Yet there are concerns that mainstream products such as workwear and knitwear have been left to slide. Berry's Mr Davies says: "The bit they got wrong was the mid-market, where they don't have a competitive product to take on Karen Millen or even Next, which M&S would consider beneath them.
"A lot of focus went on the new ranges while workwear was seen as a staple that didn't have to be touched. But the game's been raised elsewhere."
The other perennial thorn in M&S's side is childrenswear. Some ranges, such as the David Beckham-sponsored DB7, have done well, but they are few and far between. One retail expert claims the new head - Anthony Thompson, who joined from Gap last year - is finding it an uphill struggle, meaning that Mr Holmes is spending far more time on the division than he would like.
The problem is that M&S has a natural disadvantage in childrenswear. "Kids-wear is a very competitive market, and Asda and Tesco in particular are constantly pushing down on price," says Iain McDonald, retail analyst at Numis Securities. "M&S must focus on differentiating the product because if it tries to compete with Wal-Mart [the owner of Asda] on price, it is going to get killed."
The fifth and final issue awaiting Mr Holmes's attention is logistics. In the past five years, Mr Vandevelde has taken great strides in modernising the retailer, including sourcing clothes in countries outside the UK. But concern remains that M&S has not got to grips with the new systems. In research published just before Christmas, Credit Suisse First Boston noted: "M&S has found overseas sourcing more difficult to manage than in the previous set-up." It goes on: "We believe M&S must introduce the structures necessary to reduce its dependence on third parties in the supply chain. We do not believe it is currently contemplating this and its development work is focused on modification of the current system rather than anything more far-reaching."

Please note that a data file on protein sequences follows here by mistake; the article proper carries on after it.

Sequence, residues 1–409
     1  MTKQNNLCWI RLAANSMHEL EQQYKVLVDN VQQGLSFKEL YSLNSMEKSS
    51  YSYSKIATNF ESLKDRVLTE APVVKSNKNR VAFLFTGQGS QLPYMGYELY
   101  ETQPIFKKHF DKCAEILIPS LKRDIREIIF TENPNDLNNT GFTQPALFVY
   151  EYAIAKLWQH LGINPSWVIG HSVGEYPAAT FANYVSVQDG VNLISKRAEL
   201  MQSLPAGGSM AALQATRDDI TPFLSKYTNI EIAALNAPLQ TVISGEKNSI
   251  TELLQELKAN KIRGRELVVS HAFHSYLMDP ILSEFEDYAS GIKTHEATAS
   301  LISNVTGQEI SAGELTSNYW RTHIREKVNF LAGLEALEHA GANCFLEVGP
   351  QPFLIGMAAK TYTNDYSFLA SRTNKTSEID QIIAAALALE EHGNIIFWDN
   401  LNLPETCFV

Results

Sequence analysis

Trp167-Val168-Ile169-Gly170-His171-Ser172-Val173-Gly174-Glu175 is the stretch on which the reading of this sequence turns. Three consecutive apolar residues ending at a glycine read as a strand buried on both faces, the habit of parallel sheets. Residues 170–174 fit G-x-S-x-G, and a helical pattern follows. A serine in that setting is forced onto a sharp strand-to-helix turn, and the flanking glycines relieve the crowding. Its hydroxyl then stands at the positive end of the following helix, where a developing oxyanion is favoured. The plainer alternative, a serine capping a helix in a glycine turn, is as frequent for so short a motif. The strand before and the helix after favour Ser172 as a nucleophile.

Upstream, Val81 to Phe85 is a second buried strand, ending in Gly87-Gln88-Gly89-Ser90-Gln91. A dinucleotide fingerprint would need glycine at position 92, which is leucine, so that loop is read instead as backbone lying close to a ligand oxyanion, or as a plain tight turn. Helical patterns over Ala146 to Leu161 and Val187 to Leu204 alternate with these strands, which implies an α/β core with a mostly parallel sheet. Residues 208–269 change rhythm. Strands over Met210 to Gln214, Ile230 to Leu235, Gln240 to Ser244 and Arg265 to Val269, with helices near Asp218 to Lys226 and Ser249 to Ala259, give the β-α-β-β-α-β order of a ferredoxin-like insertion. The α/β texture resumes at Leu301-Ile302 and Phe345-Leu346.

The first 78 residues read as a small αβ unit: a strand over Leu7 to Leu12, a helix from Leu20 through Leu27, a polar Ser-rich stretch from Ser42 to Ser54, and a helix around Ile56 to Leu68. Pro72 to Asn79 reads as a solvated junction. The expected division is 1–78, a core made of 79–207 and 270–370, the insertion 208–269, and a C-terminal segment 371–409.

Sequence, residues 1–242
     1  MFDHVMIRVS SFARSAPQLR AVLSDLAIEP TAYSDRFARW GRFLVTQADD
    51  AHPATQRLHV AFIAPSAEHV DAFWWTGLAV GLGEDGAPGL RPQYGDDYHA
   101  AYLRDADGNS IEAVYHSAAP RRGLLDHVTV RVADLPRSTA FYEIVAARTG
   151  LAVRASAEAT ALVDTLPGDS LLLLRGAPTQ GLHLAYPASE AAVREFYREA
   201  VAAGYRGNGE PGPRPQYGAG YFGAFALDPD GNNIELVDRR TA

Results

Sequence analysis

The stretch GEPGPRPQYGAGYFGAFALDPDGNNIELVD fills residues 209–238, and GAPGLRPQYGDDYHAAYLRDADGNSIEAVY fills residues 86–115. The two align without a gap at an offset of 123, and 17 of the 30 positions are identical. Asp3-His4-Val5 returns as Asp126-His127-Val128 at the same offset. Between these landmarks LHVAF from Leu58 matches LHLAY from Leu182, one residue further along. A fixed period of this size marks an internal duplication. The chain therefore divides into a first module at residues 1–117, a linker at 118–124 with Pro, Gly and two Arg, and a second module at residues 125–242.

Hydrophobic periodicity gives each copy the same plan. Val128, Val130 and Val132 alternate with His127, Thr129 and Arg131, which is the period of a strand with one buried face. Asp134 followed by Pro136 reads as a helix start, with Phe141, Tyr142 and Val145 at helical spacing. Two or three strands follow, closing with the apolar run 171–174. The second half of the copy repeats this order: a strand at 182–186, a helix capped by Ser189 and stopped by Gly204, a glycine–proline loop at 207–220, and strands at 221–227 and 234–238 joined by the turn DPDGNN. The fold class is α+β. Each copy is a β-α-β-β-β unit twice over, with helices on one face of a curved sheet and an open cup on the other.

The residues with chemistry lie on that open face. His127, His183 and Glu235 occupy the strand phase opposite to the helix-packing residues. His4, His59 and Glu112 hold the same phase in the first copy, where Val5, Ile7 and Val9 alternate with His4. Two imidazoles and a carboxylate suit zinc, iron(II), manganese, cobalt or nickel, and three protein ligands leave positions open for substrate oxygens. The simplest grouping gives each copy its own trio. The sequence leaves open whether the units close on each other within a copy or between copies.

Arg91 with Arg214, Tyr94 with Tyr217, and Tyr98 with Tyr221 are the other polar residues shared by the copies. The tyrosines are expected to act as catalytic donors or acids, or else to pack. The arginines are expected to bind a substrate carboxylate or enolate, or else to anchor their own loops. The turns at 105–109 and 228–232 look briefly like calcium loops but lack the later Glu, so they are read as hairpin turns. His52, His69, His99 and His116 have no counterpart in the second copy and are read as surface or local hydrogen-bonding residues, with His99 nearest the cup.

This, then, is Mr Holmes's job over the next few months. It is universally accepted that Mr Vandevelde had the easier task of paring M&S back to its core values and ripping out costs. It is Mr Holmes's bad luck that the really hard work, it now seems, has only just begun.Reuse content